gudgeon

1
[guhj-uh n]

noun

a small, European, freshwater fish, Gobio gobio, of the minnow family, having a threadlike barbel at each corner of the mouth, used as bait.
any of certain related fishes.
a person who is easily duped or cheated.
a bait or allurement.

verb (used with object)

to dupe or cheat.

Nearby words

  1. guberniya,
  2. guck,
  3. guddle,
  4. gude,
  5. gudea,
  6. gudgeon pin,
  7. gudmundsson,
  8. gudrun,
  9. guedalla,
  10. guelder rose

Origin of gudgeon

1
1375–1425; late Middle English gogion < Old French go(u)jon < Latin gōbiōn- (stem of gōbiō), variant of gobius. See goby

gudgeon

2
[guhj-uh n]

noun

Machinery. a trunnion.
a socket for the pintle of a hinge.
Nautical. a socket attached to the stern frame of a vessel, for holding the pintle of a rudder.

Origin of gudgeon

2
1350–1400; Middle English gudyon < Old French go(u)jon, perhaps ultimately < Late Latin gu(l)bia a chisel; see gouge

Dictionary.com Unabridged Based on the Random House Unabridged Dictionary, © Random House, Inc. 2019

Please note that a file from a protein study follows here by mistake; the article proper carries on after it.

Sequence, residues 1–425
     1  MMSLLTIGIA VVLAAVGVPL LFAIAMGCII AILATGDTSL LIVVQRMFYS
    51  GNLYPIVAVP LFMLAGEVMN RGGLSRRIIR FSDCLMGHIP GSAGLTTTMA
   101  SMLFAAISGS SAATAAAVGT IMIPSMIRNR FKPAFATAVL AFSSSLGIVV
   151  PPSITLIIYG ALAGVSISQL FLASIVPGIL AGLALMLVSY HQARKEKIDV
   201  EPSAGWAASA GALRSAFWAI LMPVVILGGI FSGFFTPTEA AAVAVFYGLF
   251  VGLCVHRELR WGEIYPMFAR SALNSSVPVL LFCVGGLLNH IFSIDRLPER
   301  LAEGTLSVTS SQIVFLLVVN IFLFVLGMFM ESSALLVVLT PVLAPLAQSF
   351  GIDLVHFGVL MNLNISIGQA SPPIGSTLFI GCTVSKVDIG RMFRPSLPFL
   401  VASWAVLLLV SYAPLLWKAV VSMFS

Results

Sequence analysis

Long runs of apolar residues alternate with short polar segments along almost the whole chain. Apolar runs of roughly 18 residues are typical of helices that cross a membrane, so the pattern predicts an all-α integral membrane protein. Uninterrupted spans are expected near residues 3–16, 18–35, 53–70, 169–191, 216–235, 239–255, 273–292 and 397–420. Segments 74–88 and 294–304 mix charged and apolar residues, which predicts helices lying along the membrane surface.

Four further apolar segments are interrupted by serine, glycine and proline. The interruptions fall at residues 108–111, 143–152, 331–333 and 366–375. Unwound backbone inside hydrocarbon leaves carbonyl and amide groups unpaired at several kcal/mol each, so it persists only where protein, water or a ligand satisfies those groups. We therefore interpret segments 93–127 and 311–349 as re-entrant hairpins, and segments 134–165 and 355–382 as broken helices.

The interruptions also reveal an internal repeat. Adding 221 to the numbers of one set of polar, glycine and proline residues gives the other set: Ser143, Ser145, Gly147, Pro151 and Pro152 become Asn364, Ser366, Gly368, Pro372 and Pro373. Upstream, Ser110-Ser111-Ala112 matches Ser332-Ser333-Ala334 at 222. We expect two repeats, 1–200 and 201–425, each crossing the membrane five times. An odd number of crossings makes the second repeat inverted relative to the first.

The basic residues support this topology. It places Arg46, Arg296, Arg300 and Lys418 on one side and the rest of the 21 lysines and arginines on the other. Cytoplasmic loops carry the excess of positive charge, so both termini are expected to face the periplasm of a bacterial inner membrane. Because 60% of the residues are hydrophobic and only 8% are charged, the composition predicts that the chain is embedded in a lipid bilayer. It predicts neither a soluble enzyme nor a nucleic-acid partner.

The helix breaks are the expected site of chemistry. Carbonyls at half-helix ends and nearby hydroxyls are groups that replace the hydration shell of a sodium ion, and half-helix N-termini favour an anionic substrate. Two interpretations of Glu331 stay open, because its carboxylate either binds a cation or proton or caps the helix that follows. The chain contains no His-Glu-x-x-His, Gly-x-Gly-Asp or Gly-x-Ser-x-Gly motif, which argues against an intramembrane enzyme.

Examples from the Web for gudgeon


British Dictionary definitions for gudgeon

gudgeon

1

noun

a small slender European freshwater cyprinid fish, Gobio gobio, with a barbel on each side of the mouth: used as bait by anglers
any of various other fishes, such as the goby
bait or enticement
slang a person who is easy to trick or cheat

verb

(tr) slang to trick or cheat

Word Origin for gudgeon

C15: from Old French gougon, probably from Latin gōbius; see goby

noun

  1. a pivot at the end of a beam or axle
  2. the female or socket portion of a pinned hinge
nautical one of two or more looplike sockets, fixed to the transom of a boat, into which the pintles of a rudder are fitted

Word Origin for gudgeon

C14: from Old French goujon, perhaps from Late Latin gulbia chisel

Collins English Dictionary - Complete & Unabridged 2012 Digital Edition © William Collins Sons & Co. Ltd. 1979, 1986 © HarperCollins Publishers 1998, 2000, 2003, 2005, 2006, 2007, 2009, 2012

Word Origin and History for gudgeon
Online Etymology Dictionary, © 2010 Douglas Harper